Part of the reason is that midwives work WITH the client. That means every blood draw, every procedure, every risk and benifit and alternative, is discussed with the client in advance and the client makes the ultimate decision on if and when and what procedure is to take place. That's the 'responsible' part. women often show up at the hospital without reading anything past 'what to expect'. They have no basis to make a decision about their care, and it's often impossible for true informed consent to take place during active labor, when this is the first time you've heard of x complication or y procedure. This woman must simply take the doctor's word for it and move on.

The quote is pointing out that homebirth midwives do not operate that way. A woman is responsible for her own health care decisions. You must be educated and have a high level of responsibility to go this route.
1040

By Anonymous Anonymous, at 12:32 PM  

"Homebirth is not for every woman. It takes a high degree of commitment to health and learning and a high level of responsibility ..."

Interesting to read the rest of the quote:

"...to go against the majority who believe hospital births are better."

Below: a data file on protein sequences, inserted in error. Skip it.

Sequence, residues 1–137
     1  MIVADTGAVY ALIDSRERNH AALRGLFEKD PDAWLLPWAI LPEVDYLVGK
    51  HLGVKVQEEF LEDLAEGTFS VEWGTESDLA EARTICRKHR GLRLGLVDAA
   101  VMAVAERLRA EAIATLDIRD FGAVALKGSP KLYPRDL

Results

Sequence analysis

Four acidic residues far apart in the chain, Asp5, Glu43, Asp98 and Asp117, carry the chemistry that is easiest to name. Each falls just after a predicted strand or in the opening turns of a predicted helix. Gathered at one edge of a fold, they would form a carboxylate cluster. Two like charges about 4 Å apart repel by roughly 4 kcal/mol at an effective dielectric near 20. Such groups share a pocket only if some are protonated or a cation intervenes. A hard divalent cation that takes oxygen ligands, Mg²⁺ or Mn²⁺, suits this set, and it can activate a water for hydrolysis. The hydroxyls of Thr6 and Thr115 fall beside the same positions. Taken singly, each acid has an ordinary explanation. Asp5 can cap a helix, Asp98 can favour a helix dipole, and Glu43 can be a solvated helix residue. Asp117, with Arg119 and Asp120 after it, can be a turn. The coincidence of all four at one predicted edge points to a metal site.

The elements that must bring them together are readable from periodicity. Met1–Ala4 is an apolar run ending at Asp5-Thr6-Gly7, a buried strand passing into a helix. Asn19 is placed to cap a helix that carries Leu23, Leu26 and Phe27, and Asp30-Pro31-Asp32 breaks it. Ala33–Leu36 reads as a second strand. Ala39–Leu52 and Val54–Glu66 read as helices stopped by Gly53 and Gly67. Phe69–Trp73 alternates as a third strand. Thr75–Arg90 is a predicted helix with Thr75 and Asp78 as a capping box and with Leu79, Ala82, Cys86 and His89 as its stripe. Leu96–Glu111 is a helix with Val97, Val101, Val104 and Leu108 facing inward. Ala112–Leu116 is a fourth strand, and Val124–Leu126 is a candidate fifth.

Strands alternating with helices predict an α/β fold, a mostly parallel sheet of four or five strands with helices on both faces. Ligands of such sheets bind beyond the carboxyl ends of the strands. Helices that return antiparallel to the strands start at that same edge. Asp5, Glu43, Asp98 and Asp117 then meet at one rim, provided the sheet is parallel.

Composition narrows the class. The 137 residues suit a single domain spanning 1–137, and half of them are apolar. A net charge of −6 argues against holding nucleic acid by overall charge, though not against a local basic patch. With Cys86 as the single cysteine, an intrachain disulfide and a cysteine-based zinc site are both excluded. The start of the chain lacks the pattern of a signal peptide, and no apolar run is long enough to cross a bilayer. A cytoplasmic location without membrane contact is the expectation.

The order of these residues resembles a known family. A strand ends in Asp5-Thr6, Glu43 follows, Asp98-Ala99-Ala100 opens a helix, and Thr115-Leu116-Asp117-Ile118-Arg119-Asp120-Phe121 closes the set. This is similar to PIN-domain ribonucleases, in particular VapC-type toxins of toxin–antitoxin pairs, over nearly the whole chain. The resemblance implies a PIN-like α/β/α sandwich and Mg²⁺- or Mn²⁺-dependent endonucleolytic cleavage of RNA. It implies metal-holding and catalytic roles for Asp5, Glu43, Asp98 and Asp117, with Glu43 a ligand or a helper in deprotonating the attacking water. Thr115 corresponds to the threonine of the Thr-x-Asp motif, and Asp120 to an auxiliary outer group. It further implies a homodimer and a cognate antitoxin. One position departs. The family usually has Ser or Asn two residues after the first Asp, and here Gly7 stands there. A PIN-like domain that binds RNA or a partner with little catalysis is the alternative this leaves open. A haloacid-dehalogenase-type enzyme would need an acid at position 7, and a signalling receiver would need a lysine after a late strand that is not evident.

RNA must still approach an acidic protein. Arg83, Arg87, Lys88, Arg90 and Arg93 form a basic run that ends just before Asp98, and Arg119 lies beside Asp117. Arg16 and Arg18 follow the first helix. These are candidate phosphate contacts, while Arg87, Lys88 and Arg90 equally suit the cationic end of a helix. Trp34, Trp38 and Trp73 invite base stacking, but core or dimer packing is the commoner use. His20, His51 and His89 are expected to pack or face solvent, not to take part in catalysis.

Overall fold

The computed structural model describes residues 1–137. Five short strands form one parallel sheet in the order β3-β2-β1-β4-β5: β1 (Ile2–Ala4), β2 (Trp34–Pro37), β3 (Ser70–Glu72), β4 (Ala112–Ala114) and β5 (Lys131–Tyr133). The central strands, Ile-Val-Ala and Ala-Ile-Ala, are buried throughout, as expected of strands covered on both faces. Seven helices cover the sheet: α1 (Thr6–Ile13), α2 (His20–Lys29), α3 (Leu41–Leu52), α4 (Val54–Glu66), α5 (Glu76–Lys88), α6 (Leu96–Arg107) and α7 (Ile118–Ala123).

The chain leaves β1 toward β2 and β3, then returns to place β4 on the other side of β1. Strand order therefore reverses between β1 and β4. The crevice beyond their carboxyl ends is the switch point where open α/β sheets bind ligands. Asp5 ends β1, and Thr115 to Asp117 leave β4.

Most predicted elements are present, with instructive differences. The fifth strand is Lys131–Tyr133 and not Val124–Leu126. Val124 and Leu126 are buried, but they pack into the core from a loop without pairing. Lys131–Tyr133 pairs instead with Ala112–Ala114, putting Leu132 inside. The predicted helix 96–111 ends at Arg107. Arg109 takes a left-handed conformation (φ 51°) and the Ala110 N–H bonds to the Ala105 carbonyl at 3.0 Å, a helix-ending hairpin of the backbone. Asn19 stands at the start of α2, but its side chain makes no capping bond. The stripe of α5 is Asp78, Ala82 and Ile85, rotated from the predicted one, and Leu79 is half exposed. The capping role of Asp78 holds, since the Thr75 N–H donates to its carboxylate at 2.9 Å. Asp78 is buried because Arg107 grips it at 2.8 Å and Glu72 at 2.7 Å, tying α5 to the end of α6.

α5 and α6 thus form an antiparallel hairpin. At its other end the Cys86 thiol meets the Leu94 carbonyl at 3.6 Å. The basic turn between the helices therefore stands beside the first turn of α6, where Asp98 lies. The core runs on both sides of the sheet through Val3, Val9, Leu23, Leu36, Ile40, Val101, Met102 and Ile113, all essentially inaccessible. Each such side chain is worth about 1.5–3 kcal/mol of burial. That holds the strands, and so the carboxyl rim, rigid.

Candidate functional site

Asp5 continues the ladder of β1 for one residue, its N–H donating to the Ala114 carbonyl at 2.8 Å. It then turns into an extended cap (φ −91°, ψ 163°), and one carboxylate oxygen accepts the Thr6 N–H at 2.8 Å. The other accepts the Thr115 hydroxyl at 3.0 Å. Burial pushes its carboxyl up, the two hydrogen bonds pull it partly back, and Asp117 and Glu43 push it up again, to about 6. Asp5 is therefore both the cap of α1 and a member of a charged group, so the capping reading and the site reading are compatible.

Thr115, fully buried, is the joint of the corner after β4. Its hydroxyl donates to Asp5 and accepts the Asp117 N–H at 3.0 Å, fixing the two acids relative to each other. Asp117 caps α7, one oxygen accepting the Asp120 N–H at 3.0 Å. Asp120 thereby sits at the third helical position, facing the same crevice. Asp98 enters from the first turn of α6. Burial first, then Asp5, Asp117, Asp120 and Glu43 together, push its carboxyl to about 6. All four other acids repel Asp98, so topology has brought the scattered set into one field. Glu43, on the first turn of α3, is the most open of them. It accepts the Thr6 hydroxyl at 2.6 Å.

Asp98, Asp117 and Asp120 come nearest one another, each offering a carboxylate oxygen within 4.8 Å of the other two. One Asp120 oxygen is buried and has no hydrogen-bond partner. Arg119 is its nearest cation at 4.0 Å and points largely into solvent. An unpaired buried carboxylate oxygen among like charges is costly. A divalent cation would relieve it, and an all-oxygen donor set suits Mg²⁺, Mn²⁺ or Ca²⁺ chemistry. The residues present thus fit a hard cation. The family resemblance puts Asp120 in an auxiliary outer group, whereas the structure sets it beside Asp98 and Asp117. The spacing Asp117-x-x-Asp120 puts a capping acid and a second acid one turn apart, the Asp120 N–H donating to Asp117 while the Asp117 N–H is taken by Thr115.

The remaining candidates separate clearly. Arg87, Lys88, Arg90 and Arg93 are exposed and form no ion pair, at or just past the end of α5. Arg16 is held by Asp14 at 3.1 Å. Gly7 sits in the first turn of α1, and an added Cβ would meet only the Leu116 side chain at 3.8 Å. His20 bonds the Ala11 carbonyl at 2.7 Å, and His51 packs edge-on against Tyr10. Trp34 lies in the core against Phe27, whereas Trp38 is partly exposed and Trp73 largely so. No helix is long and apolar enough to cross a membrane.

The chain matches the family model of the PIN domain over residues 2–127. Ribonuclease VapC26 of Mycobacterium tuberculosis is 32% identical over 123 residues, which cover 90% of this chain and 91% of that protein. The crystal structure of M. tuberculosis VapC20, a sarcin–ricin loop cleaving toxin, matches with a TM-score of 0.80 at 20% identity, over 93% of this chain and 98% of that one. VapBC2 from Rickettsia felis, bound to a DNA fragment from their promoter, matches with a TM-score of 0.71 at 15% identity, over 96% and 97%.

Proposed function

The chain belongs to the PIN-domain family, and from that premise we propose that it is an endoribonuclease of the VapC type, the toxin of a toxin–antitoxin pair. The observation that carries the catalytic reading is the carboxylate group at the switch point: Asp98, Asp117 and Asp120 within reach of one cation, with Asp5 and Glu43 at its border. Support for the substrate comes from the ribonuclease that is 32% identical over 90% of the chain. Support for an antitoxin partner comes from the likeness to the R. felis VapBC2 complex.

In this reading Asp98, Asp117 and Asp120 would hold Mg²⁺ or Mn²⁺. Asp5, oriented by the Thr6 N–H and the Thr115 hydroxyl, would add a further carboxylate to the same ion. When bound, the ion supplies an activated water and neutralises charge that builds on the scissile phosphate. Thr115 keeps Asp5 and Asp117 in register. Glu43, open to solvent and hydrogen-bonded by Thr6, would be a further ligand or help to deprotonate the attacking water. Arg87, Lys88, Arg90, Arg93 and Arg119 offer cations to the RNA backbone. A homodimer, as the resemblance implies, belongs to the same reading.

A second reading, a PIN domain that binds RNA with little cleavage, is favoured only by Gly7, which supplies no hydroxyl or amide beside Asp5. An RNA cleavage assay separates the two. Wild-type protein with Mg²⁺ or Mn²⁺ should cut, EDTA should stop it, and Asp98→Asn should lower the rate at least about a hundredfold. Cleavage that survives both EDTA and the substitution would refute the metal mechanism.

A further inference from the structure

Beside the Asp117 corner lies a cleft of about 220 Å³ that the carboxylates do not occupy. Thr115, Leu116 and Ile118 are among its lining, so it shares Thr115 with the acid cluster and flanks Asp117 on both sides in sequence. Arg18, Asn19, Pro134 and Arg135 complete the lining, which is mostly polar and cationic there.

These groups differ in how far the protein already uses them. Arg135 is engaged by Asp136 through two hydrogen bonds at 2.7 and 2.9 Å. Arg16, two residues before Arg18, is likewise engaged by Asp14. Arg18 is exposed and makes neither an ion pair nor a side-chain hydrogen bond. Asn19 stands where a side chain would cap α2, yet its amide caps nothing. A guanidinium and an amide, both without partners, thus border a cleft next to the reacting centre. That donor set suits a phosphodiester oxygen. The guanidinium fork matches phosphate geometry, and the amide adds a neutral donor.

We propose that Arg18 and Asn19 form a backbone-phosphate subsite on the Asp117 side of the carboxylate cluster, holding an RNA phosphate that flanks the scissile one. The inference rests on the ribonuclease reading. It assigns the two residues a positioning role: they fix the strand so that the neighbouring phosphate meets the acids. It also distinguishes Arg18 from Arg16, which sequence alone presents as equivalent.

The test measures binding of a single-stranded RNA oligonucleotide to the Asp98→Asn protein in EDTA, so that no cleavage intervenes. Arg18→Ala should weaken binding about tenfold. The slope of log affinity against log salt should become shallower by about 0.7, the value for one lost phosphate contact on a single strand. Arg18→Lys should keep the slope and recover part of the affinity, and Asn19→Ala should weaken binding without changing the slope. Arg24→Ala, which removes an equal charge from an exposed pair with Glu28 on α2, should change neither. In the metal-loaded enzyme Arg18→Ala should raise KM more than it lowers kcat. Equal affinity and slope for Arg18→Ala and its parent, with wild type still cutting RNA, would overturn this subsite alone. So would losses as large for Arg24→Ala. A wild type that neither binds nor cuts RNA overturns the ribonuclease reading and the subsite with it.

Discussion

thanks for posting the full quote. obviously amy isn't sharing the source of her quotes because when read in full they aren't nearly as interesting.

OBs ARE sometimes choosing homebirth by the way, I know one personally, and several by association.

And it always takes a higher level of commitment and responsibility to depart from the 'norm'. Following the norm is simple and while there are many educated and responsible people who do it, it doensn't require either of those things.

By Anonymous Anonymous, at 12:39 PM  

And it always takes a higher level of commitment and responsibility to depart from the 'norm'. Following the norm is simple and while there are many educated and responsible people who do it, it doensn't require either of those things.

Oh, bollocks...